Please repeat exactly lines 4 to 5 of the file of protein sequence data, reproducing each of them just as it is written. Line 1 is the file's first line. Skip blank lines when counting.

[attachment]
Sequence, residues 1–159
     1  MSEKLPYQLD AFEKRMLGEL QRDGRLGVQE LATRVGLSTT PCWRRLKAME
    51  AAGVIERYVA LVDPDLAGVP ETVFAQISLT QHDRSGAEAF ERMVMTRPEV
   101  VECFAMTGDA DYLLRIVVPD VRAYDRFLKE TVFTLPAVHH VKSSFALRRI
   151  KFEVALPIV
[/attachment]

   101  VECFAMTGDA DYLLRIVVPD VRAYDRFLKE TVFTLPAVHH VKSSFALRRI
   151  KFEVALPIV